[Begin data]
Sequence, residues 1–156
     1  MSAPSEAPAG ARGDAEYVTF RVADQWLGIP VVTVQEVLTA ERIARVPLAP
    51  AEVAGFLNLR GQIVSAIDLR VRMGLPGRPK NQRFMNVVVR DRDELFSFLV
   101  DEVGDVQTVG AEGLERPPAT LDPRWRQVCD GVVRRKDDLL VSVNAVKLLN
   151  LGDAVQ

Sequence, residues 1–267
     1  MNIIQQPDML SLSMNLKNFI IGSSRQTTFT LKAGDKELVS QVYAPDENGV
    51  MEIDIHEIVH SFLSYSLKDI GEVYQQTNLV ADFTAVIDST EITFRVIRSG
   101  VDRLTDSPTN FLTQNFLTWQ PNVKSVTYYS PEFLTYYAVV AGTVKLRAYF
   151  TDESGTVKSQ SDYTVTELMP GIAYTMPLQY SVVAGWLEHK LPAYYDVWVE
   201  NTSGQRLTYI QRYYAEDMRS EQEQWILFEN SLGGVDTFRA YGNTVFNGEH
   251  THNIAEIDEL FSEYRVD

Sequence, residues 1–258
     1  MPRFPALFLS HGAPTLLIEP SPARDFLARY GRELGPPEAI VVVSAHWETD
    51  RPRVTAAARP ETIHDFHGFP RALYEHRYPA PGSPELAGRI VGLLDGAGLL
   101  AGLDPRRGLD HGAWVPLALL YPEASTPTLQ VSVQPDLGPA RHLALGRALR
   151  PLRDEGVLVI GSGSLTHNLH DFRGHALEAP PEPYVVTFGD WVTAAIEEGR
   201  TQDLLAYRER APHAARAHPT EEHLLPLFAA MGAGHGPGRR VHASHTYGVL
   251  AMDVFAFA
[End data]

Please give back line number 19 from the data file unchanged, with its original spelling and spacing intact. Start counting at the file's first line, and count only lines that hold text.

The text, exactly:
   251  AMDVFAFA